Big Ten Football: What Adding Two Bowl Games Means for Future of Conference
The Big Ten will add the Holiday Bowl and the Kraft Fight Hunger Bowl to its postseason slate. HolidayBowl.com and BigTen.org announced these agreements Monday afternoon, which will pit Big Ten representatives against Pac-12 foes at southern California game sites.
And the message from the two conferences could not be clearer: Protecting the historical rivalry between the Big Ten and Pac-12 is a top priority.
For years, the Rose Bowl linked these geographically distant conferences by matching up their champions every New Year’s Day afternoon.
But as the college football postseason has evolved, this traditional game of champions has come under fire.
First was the onset of the BCS era. Playing Host to the National Championship Game every four years, the Rose Bowl was periodically denied the Big Ten and Pac-12 champions. Instead, Nebraska (at that time still part of the Big 12) and Miami took the field in Pasadena in 2002, and Texas squared off against USC in 2006.
Yet even during the seasons in which the Rose Bowl was not hosting the National Championship Game, the customary Big Ten and Pac-12 representatives were no lock. This was the case in 2003, when Oklahoma was invited to the Rose Bowl to replace Big Ten Champion Ohio State, which was playing for the national title.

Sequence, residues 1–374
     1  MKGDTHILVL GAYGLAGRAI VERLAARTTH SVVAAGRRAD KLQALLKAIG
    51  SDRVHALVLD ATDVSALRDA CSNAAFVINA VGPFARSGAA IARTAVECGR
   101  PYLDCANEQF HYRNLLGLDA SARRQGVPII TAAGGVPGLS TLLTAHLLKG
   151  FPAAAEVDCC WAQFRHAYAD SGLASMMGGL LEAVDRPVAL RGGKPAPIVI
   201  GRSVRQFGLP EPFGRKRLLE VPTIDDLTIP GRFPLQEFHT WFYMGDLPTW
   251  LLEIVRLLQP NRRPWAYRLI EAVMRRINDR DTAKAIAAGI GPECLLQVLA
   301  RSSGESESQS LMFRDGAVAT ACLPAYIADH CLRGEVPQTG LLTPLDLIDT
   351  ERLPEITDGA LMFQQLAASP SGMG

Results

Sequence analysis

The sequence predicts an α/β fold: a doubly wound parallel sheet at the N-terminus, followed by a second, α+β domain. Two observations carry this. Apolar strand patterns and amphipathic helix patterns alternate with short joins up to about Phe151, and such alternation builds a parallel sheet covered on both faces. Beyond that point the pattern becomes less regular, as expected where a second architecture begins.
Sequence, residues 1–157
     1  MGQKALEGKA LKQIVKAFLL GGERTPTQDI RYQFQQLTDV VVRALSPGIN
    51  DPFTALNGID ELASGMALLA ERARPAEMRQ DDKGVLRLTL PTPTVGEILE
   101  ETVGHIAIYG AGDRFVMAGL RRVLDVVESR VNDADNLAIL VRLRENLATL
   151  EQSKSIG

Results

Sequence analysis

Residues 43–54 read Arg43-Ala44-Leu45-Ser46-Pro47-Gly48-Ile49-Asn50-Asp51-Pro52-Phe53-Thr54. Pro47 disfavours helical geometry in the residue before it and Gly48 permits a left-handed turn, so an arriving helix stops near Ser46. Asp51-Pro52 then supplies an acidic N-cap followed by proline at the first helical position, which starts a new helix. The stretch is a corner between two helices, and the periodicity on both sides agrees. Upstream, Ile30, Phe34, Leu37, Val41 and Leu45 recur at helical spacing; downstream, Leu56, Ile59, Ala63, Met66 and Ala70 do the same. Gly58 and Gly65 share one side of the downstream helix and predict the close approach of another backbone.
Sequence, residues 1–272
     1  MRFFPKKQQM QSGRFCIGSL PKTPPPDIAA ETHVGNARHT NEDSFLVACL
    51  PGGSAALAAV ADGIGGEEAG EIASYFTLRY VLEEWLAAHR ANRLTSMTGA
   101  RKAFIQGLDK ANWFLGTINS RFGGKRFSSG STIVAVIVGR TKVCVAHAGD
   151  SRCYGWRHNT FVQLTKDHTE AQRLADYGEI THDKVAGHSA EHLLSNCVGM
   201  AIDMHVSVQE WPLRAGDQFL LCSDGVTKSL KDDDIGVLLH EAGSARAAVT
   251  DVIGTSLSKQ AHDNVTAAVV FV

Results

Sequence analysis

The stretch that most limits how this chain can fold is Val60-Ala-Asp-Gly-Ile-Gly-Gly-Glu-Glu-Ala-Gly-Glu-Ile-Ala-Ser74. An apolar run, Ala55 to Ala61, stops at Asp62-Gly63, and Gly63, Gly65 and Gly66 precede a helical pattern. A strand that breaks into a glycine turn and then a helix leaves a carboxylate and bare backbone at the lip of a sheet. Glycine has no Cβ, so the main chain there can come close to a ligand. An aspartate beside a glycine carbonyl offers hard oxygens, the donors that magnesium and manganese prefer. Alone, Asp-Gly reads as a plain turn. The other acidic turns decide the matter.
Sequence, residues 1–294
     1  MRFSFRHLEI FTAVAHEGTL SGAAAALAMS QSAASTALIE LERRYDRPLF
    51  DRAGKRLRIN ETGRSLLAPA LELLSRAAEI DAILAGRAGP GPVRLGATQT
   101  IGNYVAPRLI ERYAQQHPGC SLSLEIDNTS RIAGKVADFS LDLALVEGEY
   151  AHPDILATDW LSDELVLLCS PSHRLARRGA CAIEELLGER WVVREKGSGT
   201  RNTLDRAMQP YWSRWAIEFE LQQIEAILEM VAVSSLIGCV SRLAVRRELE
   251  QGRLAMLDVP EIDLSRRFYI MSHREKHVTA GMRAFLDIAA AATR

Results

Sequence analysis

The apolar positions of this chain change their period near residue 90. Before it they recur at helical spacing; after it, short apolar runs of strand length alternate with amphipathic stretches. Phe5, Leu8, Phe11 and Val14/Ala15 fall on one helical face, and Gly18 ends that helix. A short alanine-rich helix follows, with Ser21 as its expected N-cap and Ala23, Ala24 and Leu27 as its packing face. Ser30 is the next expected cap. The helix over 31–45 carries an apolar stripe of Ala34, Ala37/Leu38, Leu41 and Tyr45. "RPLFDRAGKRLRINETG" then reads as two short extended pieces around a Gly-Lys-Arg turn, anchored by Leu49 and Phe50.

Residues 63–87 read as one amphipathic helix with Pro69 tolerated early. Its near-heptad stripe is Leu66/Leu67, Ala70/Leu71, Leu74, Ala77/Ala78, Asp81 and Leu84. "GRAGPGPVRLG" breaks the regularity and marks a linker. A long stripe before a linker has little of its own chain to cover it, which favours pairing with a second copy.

As college football stares down its next transition into the postseason playoff that will take hold after the 2014 season, the Rose Bowl’s tradition will once again take a hit as it hosts a national semifinal every three years.
As unique the tradition of Big Ten and Pac-12 champions squaring off on New Year’s Day is, the prestige and revenue from hosting a national semifinal is a higher priority for the Rose Bowl.
This makes this latest move by the Big Ten even more crucial to ensuring that the indelible connection between the two conferences does not fall by the wayside amidst a quickly changing college football landscape.
The Holiday and Kraft Fight Hunger Bowls will certainly not host the highest profile teams the conferences have to offer. And they may very well include non-traditional Big Ten and Pac-12 teams like Colorado, Utah, Nebraska, Rutgers, Maryland or Penn State.
But the message from the Big Ten is quite clear. No matter the extensive conference realignment nor the complete makeover of the college football postseason, the Big Ten-Pac-12 connection is a special one and one well worth preserving.
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